My most significant boyhood memories are of the poem, “Twas the Night Before Christmas,” Santa and sleigh bells, and the Christmas Eve service at Ebenezer Mennonite Church, west of Bluffton, where children of all ages participated in telling the Christmas story of Baby Jesus, Mary and Joseph, angels, and shepherds surrounding the manger.
Afterward, we went home and opened presents. On Christmas Day came dinner with family, grandparents at times, and at others with aunts, uncles and cousins.
Imagine a time when there was no Santa Claus, no Christmas trees, no Christmas cards, not even Scrooge. If that’s difficult, it is because no one living today experienced such a time. What we remember, in addition to celebrating the birth of Jesus, are decorated trees, ornaments, carols, cards, bells, wreaths, mistletoe, lights, and the exchange of gifts.
Midwinter festivals, with revelry and feasting, and celebrating the gods of harvest and the coming of a New Year, reach back centuries to the Roman Empire and beyond. In those days and for several centuries into the Christian era, the celebrating the baby Jesus was hardly the central event.
But as Christianity developed and spread through Europe, older traditions fused with what came to be the traditional religious understanding: God through the person of Jesus entered a broken world of suffering and injustice, promising salvation to those who believed in his healing power of hope and love.
With dozens of overlapping customs in play, there never has been a time when Christmas was an entirely spiritual holiday. In the territory that became the United States, more than a century passed before parts of the story took hold. In many places of colonial America, Christmas was barely maintained. People were few in number and thousands lived away from urban centers. Only a small minority were church members — often not more than 10 percent.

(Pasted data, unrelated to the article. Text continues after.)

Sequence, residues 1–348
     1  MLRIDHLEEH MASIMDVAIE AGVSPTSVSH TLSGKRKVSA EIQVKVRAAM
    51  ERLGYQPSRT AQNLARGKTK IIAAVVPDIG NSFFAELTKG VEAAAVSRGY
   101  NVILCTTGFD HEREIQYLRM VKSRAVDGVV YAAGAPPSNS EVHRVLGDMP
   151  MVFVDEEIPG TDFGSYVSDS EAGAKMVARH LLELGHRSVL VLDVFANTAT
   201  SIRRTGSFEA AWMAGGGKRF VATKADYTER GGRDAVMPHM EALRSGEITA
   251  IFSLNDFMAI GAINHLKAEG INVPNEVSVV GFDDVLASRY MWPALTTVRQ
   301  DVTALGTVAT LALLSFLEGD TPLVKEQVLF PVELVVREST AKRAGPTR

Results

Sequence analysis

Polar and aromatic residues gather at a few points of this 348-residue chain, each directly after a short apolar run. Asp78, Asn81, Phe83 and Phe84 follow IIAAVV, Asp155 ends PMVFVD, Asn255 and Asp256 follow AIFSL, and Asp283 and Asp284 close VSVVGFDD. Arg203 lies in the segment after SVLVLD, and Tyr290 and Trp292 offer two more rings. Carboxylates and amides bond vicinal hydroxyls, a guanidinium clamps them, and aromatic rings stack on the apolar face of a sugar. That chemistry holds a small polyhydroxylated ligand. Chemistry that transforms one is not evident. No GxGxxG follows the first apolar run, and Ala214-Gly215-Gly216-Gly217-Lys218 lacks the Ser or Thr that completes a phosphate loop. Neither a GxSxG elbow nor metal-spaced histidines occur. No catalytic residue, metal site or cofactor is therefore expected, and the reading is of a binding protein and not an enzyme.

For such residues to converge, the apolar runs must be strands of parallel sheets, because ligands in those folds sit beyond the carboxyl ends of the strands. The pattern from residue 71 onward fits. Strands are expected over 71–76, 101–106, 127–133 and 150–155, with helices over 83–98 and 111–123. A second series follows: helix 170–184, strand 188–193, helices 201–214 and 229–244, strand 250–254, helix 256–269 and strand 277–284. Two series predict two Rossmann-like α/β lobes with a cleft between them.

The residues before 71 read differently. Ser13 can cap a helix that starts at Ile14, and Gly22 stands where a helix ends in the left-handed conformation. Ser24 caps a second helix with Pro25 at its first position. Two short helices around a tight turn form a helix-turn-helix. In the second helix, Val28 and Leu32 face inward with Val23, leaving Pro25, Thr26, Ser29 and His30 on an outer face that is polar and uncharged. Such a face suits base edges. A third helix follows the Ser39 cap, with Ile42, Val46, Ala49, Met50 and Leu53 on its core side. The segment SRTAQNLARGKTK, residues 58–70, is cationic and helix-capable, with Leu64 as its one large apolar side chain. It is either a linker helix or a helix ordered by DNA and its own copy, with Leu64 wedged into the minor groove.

Members of the large Puritan migration to New England during the early 17th century did not celebrate Christmas. In fact, they were forbidden to do so. Puritan theology was heavily Christian, but in the eyes of these strict people Yuletide revelry by “hel hounds” appeared as heathenish, even “Popish.” They heard that in colonies to the south, Christmas had become an occasion for raucous partying, hunting and dancing.
It was not until after the Civil War and titanic social changes brought about when millions of European ethnic groups entered the country, that the mixing of foreign traditions and nascent American practices produced the widespread, and heavily secularized, celebration of Christmas as we know it today. Honoring foundational Christian beliefs was also a civic act on the journey of becoming American.
The giving of gifts has played an ever-growing part in the making of our modern Christmas. Americans spend more on Christmas than the entire gross domestic product of some countries, and yet, according to a Pew Research Center poll, more than half are bothered “some” or “a lot” by the pharaonic commercialization of our most important holiday. We revel in gift-giving yet are troubled by its lavish excesses.
Our lives, like history itself, are layered with contradictions. We spend and spend, yet exhibit a self-conscious awareness that a purely materialistic view of life is unfulfilling. Christmas reminds us of that.
More especially, the Christian set of beliefs in its oldest and most fundamental form remains strong among us. Earlier this month, the Pew Research Center reported that among U.S. adults, 73 percent believe Jesus was born to a virgin, that Baby Jesus was laid in a manger (81 percent), that wise men, guided by a star, brought Jesus gifts (75 percent), and that an angel announced the birth of Jesus to shepherds (74 percent).
Those who wish to take Christ out of Christmas must remain restive under that circumstance, for the story that speaks to us through the centuries of religious meaning and purpose assures us that the characteristics of love, generosity, compassion and forgiveness are marks of the divine in us all.